David Morris: Automakers are "reasonable partners" with Sports Illustrated.
You led the magazine industry in automotive pages last year. What is the key to your success?
The auto category loves magazines. SI provides the greatest media value. Our median (reader) age is 38. Our readership is 80 percent male and 20 percent female. We have 20 million readers on a weekly basis. Our average household income is $75,325.
For SI.com, we have 7 million unique users on a monthly basis. The online (audience) is a year younger, but the income and percentage of managerial/professional (occupations of readers) is the same.
Is it too much of a generalization to say your success is based on the fact that you're a guy magazine and guys love cars and sports?
You've got to be an appropriate magazine for the demographic audience that the automotive marketer is seeking. You've also got to resonate with dealers.
When the automotive advertiser is talking to dealers about where they are going to launch their vehicle, if they hear that Sports Illustrated is in the schedule, they know the automaker is very serious about the launch of that brand and the advertising of that brand.
We work with our automotive partners on programs and packages. We sit down with them and our marketing people.
We find out what their goals are, and work on how we can set them apart and break through the clutter in the pages of our magazine, online and in the marketplace.
You're not the No. 1 magazine just because you reach a lot of men who buy cars or trucks. That puts you in the game. But once you're there, you have to deliver.
What marketing programs have you put together for automotive advertisers?
After each major sports season ends, Sports Illustrated selects the Player of the Year in that category. We run an editorial page about the Player of the Year and Ford runs an ad adjacent to that platform. The platform is also online, where we ask people to vote on who should be the player of the year. Ford sponsors that page (on SI.com). The reader poll has no bearing on who is picked. Ford partners with us on our Sportsman of the Year event in December of each year. We have a television show on Fox. Ford goes with us all along the way.
A Ford Mustang convertible "tanning guide" ad tied into this year's Sports Illustrated swimsuit issue.
Pontiac is a partner with us on our swimsuit issue. This year they launched the Pontiac Solstice. The Solstice was on our page-one gatefold. They hosted a swimsuit party in New York. We had consumers, dealers and swimsuit models. We had a Webcast of the event where the models were interviewed. Dealers were there, and people from GM. We had the Solstice at the party, and it was featured in the Webcast. If you went to our swimsuit content online, Pontiac had advertising there as well.
Do you work with automakers on developing unique advertising for the swimsuit issue?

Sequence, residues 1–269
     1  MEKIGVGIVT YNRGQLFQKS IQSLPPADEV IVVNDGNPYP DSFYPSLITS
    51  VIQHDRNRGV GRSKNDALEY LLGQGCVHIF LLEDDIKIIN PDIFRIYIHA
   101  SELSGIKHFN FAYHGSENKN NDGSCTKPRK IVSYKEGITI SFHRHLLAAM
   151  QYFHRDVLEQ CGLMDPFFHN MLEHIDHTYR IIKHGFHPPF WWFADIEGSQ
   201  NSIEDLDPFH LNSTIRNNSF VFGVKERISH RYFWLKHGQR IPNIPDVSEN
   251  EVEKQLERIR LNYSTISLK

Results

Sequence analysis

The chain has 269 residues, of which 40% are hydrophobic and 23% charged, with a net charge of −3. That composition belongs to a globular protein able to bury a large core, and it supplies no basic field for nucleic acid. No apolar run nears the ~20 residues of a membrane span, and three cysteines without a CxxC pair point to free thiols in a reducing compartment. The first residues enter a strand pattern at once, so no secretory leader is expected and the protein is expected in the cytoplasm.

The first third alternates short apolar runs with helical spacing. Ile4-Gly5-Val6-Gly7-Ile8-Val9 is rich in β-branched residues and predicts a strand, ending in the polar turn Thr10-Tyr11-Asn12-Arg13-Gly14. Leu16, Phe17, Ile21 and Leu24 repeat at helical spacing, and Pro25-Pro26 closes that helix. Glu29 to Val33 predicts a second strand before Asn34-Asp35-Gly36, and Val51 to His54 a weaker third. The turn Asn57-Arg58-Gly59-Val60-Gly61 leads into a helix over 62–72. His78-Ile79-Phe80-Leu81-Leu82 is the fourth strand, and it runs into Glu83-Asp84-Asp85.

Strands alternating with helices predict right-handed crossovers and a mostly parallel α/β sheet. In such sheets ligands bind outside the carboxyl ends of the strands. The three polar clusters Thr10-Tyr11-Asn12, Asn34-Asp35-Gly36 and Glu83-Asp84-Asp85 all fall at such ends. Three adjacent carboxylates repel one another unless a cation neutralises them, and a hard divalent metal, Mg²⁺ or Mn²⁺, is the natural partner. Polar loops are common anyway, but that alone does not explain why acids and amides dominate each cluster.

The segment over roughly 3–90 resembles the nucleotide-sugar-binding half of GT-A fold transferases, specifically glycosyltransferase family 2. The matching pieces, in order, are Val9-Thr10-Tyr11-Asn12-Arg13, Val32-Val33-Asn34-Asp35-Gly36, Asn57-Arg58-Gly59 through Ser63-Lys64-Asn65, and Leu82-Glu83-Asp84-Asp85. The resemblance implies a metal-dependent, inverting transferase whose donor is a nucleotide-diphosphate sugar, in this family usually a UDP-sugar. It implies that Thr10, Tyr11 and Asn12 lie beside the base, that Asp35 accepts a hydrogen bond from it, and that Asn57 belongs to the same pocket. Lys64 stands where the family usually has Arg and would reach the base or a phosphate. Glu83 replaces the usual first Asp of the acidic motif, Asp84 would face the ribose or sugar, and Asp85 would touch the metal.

We don't work with them, but we'll certainly review creative as it comes in. When they are playing off the swimsuit issue, which many of them do each year, we want to make sure that it's done appropriately and that readers are not confused on what is editorial and what is advertising. But it's done in a fun nature. We like to say that the swimsuit issue is the Super Bowl of print and a way to break creative.
How much do you charge for a page of national advertising?
The regular rate for a four-color ad is $243,000. The same page in the swimsuit issue is $285,750.
Are automakers tough customers in terms of busting your rate card?
They are big advertisers, but we have longtime, long-term relationships with them. They have a lot of leverage, for sure. But they are very reasonable partners in what they ask. They realize that there is value in magazines and there are costs that go up in magazines. They are our biggest advertiser and therefore they should have efficiency.
Who are your top advertisers?
General Motors ($41.1 million in 2004) is the No. 1 advertiser overall, Ford ($29 million) is No. 2, Toyota ($24 million) is No. 3, and DaimlerChrysler ($23.2 million) is No. 4.
We did $163 million in automotive business in 2004. That's up 15 percent from 2003. That represents 8 percent of the automotive marketplace for all magazine advertising.
Have automakers asked you to include pictures of their vehicles in your editorial pages?
Advertisers are looking for as much integration as possible. Some magazines will and can do that, because their editorial platform allows them to do that. But with a sports magazine there are fewer opportunities to integrate vehicles into that naturally.
I don't think the automotive advertisers are asking us to do something unnatural. The advertiser doesn't want to be a part of something that's forced.
You are changing the name of your organization from Sports Illustrated to SI. How is that going to affect how you market the magazine and your SI.com Web site?
Everyone in the industry calls Sports Illustrated "SI." We're looking to interact with consumers at every age level, with every medium that we can.
The past generation will look at Sports Illustrated as a great sports magazine, which it is today and will continue to be tomorrow.
The next generation of media buyers and marketers, including automotive marketers, will look at SI as a multimedia sports brand. We want people to interact with SI throughout the day, throughout the week and throughout the month.
Are you going to change the way you market the different parts of SI to automotive companies and advertising agencies?
No. It will continue just as we've done it. We have a dot-com salesperson and a print salesperson sit down together, talking to an automotive advertiser about what we can do in the magazine and online to make a bigger impact in multimedia. That's the goal.